Below are the advantages of shopping at a local store versus a national chain for the four different project categories. At the end of the project, the homeowner will have initiated $1,250 in local economic activity simply by supporting local retailers. But that doesn’t capture the full economic advantage that shopping local provides.
The most substantial impact can be seen from the purchase of goods. By purchasing $10,000 in products at a local store, $2,298 of the project would recirculate into a community whereas only $1,164 of that amount, when spent at major retail store chains, would. That’s a 97-percent advantage for local retailers, meaning two times as much money is kept in the community when products are purchased at a local retailer.
Installation services are almost always provided by local contractors, so that category, in relation to this research, is null. The reason local stores offer an 18-percent advantage for spending on installation services is because chain stores tend to retain about a 15-percent portion of the customer charge.
What These Findings Mean
Shopping at a local home improvement business provides a 97-percent local economic advantage, but what is the tangible impact for a community?
Think of it this way: If a shopper buys home improvement products from a local retailer, twice as much money goes toward local parks, Little League teams and bike path creation.
On a grander scale, the national impact potential is much bigger. Together, Lowe’s and Home Depot sold $114 billion in goods during 2013. If just 10 percent of that business had gone to independent stores, hometowns across the country would have enjoyed an additional $1.3 billion in economic activity that year.
Questions & Answers
We sat down with Dan Tratensek, vice president of publishing for NHPA, and Bill Brunelle, co-founder and managing partner of Independent We Stand. Here, they share insights from the Home Sweet Home Study and discuss ways to use the data to benefit independent home improvement retailers.
Tell us a little bit about the idea behind the study. What did you hope to achieve when you set out to conduct this research?
Bill: There is a growing body of research that demonstrates the strong economic impact that locally owned businesses have on local economies. However, none of the existing research looked specifically at the impact of supporting locally owned hardware, outdoor power equipment, paint and building materials retailers. Home improvement projects are generally big-ticket expenses for homeowners, and we wanted to show them what kind of impact they could have on their local economies if they sourced products and installation services from locally owned businesses.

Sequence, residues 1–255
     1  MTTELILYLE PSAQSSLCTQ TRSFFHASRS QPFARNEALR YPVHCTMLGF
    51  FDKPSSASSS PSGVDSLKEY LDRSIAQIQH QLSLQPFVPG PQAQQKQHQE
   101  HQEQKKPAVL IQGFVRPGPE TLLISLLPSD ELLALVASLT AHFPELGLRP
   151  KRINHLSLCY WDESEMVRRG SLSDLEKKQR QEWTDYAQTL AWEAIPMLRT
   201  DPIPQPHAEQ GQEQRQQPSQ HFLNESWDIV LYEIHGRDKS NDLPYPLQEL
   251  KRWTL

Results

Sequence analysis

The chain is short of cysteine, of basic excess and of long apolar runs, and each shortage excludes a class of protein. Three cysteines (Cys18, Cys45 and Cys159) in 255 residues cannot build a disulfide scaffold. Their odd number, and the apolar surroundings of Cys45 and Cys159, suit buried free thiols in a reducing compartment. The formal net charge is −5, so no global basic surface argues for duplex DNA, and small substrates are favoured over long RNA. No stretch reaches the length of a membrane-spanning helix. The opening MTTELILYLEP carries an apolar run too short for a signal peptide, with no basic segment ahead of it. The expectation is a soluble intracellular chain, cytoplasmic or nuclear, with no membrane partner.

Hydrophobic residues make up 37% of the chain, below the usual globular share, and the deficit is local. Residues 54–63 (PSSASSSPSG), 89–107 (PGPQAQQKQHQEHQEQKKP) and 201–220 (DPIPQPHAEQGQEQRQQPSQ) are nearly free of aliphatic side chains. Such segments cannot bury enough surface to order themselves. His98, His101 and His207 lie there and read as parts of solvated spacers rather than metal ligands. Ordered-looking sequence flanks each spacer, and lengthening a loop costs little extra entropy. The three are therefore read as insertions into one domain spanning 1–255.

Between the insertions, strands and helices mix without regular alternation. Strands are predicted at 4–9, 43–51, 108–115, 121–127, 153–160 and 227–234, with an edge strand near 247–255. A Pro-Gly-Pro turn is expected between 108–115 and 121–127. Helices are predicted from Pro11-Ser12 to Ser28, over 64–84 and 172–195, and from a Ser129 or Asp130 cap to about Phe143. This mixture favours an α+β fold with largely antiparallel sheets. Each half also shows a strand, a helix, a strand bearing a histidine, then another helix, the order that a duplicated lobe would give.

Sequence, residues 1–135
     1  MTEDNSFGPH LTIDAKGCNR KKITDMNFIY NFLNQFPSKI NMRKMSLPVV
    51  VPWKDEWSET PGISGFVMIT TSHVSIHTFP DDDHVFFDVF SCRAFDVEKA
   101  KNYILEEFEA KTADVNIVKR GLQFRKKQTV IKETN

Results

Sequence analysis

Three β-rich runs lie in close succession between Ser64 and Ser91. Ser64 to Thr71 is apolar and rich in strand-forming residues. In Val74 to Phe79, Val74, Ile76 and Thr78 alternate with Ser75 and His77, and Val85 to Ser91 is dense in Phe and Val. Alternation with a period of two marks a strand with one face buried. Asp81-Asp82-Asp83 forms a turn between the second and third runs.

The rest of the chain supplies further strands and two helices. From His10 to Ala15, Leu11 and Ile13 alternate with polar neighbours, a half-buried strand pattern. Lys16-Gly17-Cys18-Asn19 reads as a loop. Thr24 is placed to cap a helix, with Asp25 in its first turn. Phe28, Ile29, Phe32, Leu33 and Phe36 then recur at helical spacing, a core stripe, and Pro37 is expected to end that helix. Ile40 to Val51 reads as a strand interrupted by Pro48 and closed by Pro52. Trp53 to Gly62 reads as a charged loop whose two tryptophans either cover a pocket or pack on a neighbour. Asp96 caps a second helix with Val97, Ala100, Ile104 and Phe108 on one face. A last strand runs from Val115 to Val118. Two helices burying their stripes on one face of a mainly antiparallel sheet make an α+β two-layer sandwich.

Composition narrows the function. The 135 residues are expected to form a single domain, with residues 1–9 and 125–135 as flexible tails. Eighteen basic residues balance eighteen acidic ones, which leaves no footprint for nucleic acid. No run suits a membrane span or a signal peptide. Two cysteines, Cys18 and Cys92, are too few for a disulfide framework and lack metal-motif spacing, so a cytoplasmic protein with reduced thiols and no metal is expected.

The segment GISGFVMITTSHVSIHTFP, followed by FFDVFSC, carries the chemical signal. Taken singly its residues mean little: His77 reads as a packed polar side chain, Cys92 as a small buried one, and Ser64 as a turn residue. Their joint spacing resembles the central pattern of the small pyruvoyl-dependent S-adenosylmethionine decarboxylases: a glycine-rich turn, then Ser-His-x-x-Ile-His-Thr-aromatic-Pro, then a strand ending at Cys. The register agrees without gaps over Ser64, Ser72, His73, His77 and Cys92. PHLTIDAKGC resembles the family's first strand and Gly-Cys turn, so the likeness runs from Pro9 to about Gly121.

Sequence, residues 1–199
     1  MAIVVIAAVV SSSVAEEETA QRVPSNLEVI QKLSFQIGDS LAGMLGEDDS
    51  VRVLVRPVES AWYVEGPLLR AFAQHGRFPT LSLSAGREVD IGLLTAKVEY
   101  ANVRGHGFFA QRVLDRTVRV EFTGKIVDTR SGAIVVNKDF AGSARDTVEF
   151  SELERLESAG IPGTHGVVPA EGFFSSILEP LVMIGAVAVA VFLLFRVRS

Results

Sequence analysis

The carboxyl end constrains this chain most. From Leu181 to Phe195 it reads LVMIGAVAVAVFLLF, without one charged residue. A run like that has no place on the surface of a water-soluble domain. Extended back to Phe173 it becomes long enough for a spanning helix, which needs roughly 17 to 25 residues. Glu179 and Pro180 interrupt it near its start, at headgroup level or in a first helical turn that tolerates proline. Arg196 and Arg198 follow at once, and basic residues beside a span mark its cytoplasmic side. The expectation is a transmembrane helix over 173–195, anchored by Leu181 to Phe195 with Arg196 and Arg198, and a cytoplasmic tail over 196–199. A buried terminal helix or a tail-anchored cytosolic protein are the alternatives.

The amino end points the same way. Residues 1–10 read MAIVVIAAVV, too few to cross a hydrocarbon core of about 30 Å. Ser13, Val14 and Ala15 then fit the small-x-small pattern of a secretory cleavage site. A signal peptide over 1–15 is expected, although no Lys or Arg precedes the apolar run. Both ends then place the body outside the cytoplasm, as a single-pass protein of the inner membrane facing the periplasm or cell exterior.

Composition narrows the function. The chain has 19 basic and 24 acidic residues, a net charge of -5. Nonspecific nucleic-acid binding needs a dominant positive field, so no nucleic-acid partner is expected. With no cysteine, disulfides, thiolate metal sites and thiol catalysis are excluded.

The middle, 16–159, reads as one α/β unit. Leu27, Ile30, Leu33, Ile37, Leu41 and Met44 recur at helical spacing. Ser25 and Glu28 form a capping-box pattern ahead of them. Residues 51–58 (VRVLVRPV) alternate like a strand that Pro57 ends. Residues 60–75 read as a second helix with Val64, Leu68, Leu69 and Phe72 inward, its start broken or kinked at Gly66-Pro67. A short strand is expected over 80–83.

Do you think the research achieved what you were hoping?
Dan: I definitely think the research illustrated that a dollar doesn’t always equal a dollar when it comes to local impact. Average consumers don’t necessarily think about the fact that when they spend money with a huge national chain, a good portion of those dollars flies right out of the local community and is redistributed to a corporation in a different state and ultimately to shareholders spread all over the world.
Were you surprised by any of the study findings? Why or why not?
Dan: I can’t say I was too surprised by what we found. I work closely with so many small business owners, and I realize what a major impact those businesses have on their communities. It’s about more than hiring local employees; it’s about buying their supplies from a local provider and using a local attorney’s office or accountant. It all adds up.
How will these study findings help retailers within the home improvement industry?
Dan: The study itself won’t likely be a surprise to most of the retailers who read this magazine. But now NHPA and Independent We Stand have some real hard numbers we can use to let the media and consumers know how important shopping at their local home improvement stores can be. We also hope retailers will help us spread the word about these findings by sharing them with their local media and customers.
How does the economic impact calculator make the study’s data even more useful?
Bill: The economic impact calculator uses the study’s findings to show consumers the dramatic impact they could have in their very own neighborhoods if they purchase home improvement products from locally owned retailers for one year.
Do you think this kind of research will resonate with consumers and impact their current shopping habits?
Bill: Yes, I think educated consumers care more and more every day about where their money goes and are willing to support local businesses that contribute to the health and prosperity of their communities.
Where do you see the shop-local movement heading in the future?
Bill: The shop-local movement has created a resurgence of support for local businesses. However, to borrow from a quote that Stacy Mitchell, co-director of the Institute for Local Self-Reliance made in a TEDx Talk, “We can’t just shop our way to a better economy.” Big-boxes and national chain retailers receive billions every year in economic development incentives and tax breaks while small businesses struggle to stay open. To make real change and real progress, we need to address government policies that are in place that put small local businesses at an extreme disadvantage.